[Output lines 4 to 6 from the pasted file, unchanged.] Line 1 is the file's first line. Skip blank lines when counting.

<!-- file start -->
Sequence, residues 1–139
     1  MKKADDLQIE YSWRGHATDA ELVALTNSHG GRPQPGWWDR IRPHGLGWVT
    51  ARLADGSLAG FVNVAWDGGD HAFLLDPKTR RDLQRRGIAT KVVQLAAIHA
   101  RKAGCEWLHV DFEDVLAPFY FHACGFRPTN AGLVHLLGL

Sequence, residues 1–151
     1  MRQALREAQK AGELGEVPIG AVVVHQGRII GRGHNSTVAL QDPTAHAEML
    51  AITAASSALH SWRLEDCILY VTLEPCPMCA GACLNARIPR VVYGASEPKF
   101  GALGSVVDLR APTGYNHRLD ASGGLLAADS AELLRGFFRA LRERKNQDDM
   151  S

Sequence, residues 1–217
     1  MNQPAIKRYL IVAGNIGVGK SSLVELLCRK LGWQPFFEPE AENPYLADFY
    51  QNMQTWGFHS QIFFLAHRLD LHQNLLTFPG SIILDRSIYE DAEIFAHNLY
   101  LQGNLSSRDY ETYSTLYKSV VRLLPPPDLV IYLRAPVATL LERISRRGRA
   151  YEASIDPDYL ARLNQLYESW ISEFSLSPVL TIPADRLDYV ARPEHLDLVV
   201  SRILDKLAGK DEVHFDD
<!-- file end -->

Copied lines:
   101  RKAGCEWLHV DFEDVLAPFY FHACGFRPTN AGLVHLLGL

Sequence, residues 1–151
     1  MRQALREAQK AGELGEVPIG AVVVHQGRII GRGHNSTVAL QDPTAHAEML